My oldest son starts high school tomorrow. Yikes!

Like most parents, I’m proud of my kids. But I also worry. Have I done enough – am I doing enough – to help raise my sons to be good, responsible, happy, curious, adventurous, young men who are prepared take on the world and to chase their dreams? Are they ready to handle adversity and failure, as well as success? Am I too involved: a helicopter or lawnmower parent? Or am I not involved enough, like a distant 19th century father sitting in a den with my pipe?

One thing that hasn’t helped me is the conflicting parenting advice I’ve read over the years. At the turn of the 20th century, experts told parents in Australia to take care not to “spoil” their kids with two much attention or affection, and to discipline kids firmly when they broke rules. At the turn of the 21st century, many experts’ advice was the exact opposite – that we needed to take special care not to damage our children’s self-esteem; that we needed to shower our kids with unconditional affection, praise, and support.

Who’s right? Are kids these days turning out OK? Are they happier or better adjusted, or less aggressive, or less anxious than kids of our generation?

Recently, I’ve been pondering a more provocative idea from the realm of behavioural genetics: What if parenting itself doesn’t have as much as influence on a child’s outcomes as we might believe?

Both nature and nurture affect outcomes

  • 150 years ago, Francis Galton coined the phrase “nature and nurture”, which triggered a debate between psychologists about influences on personality and behaviours that continues today (Galton, 1869). One reason the question is so hard to answer is that it is almost impossible to separate out genetic and environmental factors when studying kids growing up with their parents (the gene-givers) at home (a key environment).
  • During the last century, the pendulum of expert opinion has swung from favouring nature (genetics) to nurture (environment). Arguably, it’s is now swinging back towards nature as more large twin studies are published in peer-reviewed journals.
  • Many behavioural geneticists think that both genetics and environment contribute substantially to people’s differences in traits (e.g. Plomin et al., 2015). For example:
    • a multivariate genetic analysis of intelligence, reading, maths and language in over 5000 pairs of 12 year-old twins showed that genetic factors consistently accounted for more than half of the phenotypic correlations (correlation between two traits in a person) (Davis et al., 2009).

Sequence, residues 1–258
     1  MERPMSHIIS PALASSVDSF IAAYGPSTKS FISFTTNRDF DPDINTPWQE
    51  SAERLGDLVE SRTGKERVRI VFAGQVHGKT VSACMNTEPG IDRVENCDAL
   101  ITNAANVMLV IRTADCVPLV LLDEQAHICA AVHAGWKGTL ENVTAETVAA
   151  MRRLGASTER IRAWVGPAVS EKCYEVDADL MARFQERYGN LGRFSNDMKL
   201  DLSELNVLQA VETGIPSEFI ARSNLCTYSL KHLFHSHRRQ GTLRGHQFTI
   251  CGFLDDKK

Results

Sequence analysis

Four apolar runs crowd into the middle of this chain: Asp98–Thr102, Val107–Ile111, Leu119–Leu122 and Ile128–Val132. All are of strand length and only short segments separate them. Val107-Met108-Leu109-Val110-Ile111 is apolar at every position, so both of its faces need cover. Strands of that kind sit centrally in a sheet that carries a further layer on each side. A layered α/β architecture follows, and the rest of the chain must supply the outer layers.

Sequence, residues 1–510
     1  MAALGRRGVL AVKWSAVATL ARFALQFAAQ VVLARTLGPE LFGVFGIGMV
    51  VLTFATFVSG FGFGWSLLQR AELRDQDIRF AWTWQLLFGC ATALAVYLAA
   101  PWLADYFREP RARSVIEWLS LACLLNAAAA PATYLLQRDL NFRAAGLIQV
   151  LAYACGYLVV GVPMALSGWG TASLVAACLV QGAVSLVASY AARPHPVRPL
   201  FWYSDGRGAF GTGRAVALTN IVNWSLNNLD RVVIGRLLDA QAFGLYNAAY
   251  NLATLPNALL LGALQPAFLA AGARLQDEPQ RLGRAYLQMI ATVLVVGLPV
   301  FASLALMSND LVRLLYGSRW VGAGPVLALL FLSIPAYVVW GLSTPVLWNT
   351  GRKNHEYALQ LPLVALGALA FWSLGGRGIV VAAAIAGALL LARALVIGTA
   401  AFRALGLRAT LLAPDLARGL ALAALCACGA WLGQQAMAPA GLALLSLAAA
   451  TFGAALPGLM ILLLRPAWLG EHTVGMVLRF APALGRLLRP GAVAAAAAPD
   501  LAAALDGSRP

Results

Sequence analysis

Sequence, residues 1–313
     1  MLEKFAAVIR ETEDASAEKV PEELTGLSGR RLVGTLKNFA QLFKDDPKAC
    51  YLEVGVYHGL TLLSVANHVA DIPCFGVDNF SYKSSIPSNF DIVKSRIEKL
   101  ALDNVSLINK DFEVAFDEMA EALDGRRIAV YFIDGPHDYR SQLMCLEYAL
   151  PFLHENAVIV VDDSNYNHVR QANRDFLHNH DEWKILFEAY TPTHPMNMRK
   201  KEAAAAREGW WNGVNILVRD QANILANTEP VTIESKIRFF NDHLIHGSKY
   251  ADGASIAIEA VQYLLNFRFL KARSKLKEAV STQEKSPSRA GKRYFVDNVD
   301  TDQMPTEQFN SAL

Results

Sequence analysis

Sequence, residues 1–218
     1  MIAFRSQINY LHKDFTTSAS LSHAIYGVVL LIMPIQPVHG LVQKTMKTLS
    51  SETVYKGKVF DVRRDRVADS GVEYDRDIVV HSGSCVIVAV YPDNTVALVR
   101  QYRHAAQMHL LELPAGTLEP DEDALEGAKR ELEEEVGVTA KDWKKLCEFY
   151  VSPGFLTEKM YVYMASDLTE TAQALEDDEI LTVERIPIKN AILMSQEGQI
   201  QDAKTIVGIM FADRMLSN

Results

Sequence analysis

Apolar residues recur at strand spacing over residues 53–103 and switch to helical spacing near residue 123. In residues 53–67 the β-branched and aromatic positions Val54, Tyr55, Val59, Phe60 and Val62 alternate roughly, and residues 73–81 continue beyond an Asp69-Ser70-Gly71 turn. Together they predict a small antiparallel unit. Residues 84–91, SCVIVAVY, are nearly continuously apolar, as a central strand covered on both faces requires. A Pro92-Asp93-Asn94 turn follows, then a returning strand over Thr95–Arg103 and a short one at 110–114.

• Over the last 20 years, some researchers have begun to take a closer look at what we mean by a child’s “environment”. There is growing evidence that at least some children’s behaviours may be context-specific: i.e. that a child’s behaviour at home with parents and siblings is often very different to a child’s behaviour in other settings (e.g. at school, while working a summer job, or hanging out with friends) (e.g. Rich Harris, 2000).

Babies are not blank slates

  • When babies enter the world, their minds are pre-programmed for learning. Interestingly, babies seem to know from a very young age that what they learn in one situation might not work in another, something shown in ground-breaking studies by developmental psychologist Professor Carolyn Rovee-Collier.
  • Babies are also primed to categorise. By the time they are one-year-old, babies can divide up the people around them into basic social categories such as age and gender: they can distinguish adults from children; and men from women.

Evolutionary biology: Parents then playgroups

  • In many traditional cultures, babies were coddled for two or three years (often by their mothers), and then, when the next baby came along, sent off to play with other kids in mixed age “play groups”, often under the eye of an older brother or sister (Eibl-Eibesfeltd, 1989). In these playgroups, the older kids explained and enforced the rules.
  • As we’ve written before, by playing freely with peers, young kids learn which rules they must obey to be part of the group. These rules are often very different to the rules used when playing with parents at home.
  • Young children in many cultures show an early preference for members of their own “social category”. For example, many young kids are attracted to other kids (even strangers), but are wary of strange adults. Many (but not all) two year-olds show a preference for hanging out with other members of their own sex. When they have a choice of playmates, many (but not all) kids, across many cultures, show a tendency to divide into “boy” and “girl” groups.
  • When kids are divided (or divide themselves) into two groups, the groups can sometimes become hostile to each other, something that was seen very dramatically when Muzafer Sherif and his colleagues divided 22, 11 year-old boys into two groups (“The Rattlers” and “The Eagles”) and sent them to “Robber’s Cave” summer camp out in the wilderness in Oklahoma in 1954. (You can read more about this amazing experiment here.) A second tendency – also seen in the Robber’s Cave study – is for each group to see the other group as different in an unfavourable way, which in turn makes members of the group want to be as different as possible from the other group. This is called the “group contrast effect”.